When we moved into the country James started doing some chores for a farmer in the area. Every morning he heads out and does chickens, feeds horses, lets the cows out to pasture and many more things that get the farm day off to a decent start a few miles down the road. During his working time the farmer, Ms Polly, started talking to him about getting his own calf. She told him about the local 4H project that is here in the area and told him that she thought he should consider doing a livestock project. He was thrilled with the possibility and came home and told us (Dad and Mom) all about it.
Dad said no. "We may be living in the country; but we are not farmers", he reasoned, and the case was closed.
James continued doing his chores every morning and Ms Polly kept talking to him. She even made a phone call to me to explain the project and the details involved.
Dad still said no. His reason was still valid in his eyes.
James kept working, earning money and putting it away. Finally one night he asked Dad if he could they could sit down and talk - Man to Man. Dad agreed and James laid out his plan. He would pay for the calf. He would pay for the feed and already had a good amount put aside in the bank for the upcoming feed expense if Dad agreed). Dad quizzed him on everything: Where would the calf stay? How long would he be here? How much would it cost? What would he do if the calf got sick? And, for every question James had an answer. He had done his homework, made a plan and was just waiting for Dad to see it his way.
Much to James' surprise, Dad said yes!
With Ms Polly's help and contribution a lean to was set up outside the kitchen widow. Straw was purchased and we attended the first 4H meeting. The told us about all the things that could go wrong and how easy it is for a calf to get sick. They told us what to do and assured us that the vet would oversee their care if the calf got sick. Then we were handed papers to sign and handed in our money. James had taken his own money out of the bank and had it ready for them when we handed in the paperwork.
Now, we just waited for the call.
On the week of Valentines Day we got the call. The calf had been born and we could come and pick it up. Mr Ken (Polly's husband) hooked up the trailer and him and James went and picked up the calf. We were thrilled that it was here and it was decided that night that the heart shaped while spot on his forehead and the fact that he was born on the week of Valentines day that his name could be none other than "ROMEO". (Whom Ms Polly has affectionately called - "lover boy" for the last 9 months.)
Two days after we got the calf, Romeo become very very sick. My Mom skills turned from homeschooling and fixing dinner to bringing out old blankets to the lean-to and rubbing a calf to keep him breathing. There was much tears and the wee thing just about died during the first week. It was really a touch a go week and I was sure that I would be comforting a grieving boy before we saw the week end. We almost did.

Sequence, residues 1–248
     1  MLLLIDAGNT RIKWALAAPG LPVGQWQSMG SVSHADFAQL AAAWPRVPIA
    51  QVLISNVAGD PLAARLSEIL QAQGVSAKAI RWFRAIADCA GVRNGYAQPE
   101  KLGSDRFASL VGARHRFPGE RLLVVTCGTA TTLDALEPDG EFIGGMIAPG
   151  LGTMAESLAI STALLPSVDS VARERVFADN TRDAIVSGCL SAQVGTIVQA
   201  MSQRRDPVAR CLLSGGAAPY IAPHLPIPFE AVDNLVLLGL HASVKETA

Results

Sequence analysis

But he pulled through....
They told us that the first few weeks are the most delicate and many do not make it during that time; but if you get them past that time it is usually pretty easy sailing - scours speaking. Normally that is true. But not with Romeo.
A few weeks later I was getting my morning cup of coffee and looked out the window to see a very sick calf - again. James took his temperature and we found he had a very high fever and the vet was called again. Shots were given and instructions were handed out. I walked the 4H leader to her car she told me that they did not expect Romeo to make it through the night. She apologized and told me that he would get a new calf for the project if he lost this one. I cringed with the news.
A special diet was given. Medication to stop the GI issues was prescribed and neither one of them was cheap. James knew that his calf was his responsibility - so he started making phone calls asking people in the area if they had any jobs for him to do to earn some money for the extra supplies he needed for Romeo. (He cleaned horse stables, chicken coops and cleared pastures of weeds, stacked wood and helped stack hay into barns. Anything he could to make some extra money. He worked - and he worked hard. About as fast as he earned the money he went and spent it on supplies needed to keep his calf alive.
The calf pulled through and we were thrilled.
A few weeks later James came in with tears in his eyes and told me that Romeo was dying. I was shocked. "How could he by dying?" He had been fine that morning when I looked out the window. I was sure James was mistaken and told him I would come out and take a look before he called the 4H office. When I got out to the pen, I saw a very sick almost dead calf lying on the ground in front of me. I told James to run in a call the office.
They said they would send someone right out. We sat there together. James, me and the calf. He rubbed his body right above the heart and several times the calf stopped breathing. James would rub harder and I would tell the calf to stick with us just a little while longer. I was pretty sure the calf would be dead by the time help arrived. When the calf started shaking and his eyes rolled back into his head I told James just to keep rubbing and to make sure the calf knew that he was not alone - I did not know what else to say. I was hurting for my son who had tried so hard with this calf.
I told him that this is how life is sometimes.... sometimes life hurts. Through tears he said he understood and through tears I wished that it was a lesson that he did not have to learn like this. Finally help arrived and IVs were started. Shots were given and they told us that we would know by morning if he was going to pull through. They told me as I walked them out to the car that sometimes you can do everything right and still have a calf die. They told me James had done everything right; but the calf would not be here by the morning. They assured me that a new calf would be given to him when this one died. They apologized that James was having to go through this.
But... the calf pulled through.....
They told us this should be the end of the touch and go period. They came out a few other times and took a look at him. He was doing great. Wonderful. Then when I was in WI for my counseling class, I got a phone call from a distraught boy. Romeo was sick - again. Again the same thing happened. James took on more extra work to cover the extra expenses. I hoped the calf would pull through. As I was boarding the plane to come home I got a call from the 4H office. Blood had been taken to test and see why the calf kept getting sick. The results had come in a showed a disorder similar to an autoimmune issue. Now we knew what we were dealing with.
We decided to keep the calf and keep working with him. Over the course of the next several months Romeo would get sick over and over again. But the illnesses were caught sooner and shots were given that helped him to get strong. We kept look forward to the fair when we could show them how big he gotten and how well he was doing. For several months Romeo was without sickness or fevers; everything pointed to the fact that he had gotten older and stronger. Everyone agreed that he must have kicked this disorder and James had a pretty good looking calf to bring to the county fair. We could not be more pleased!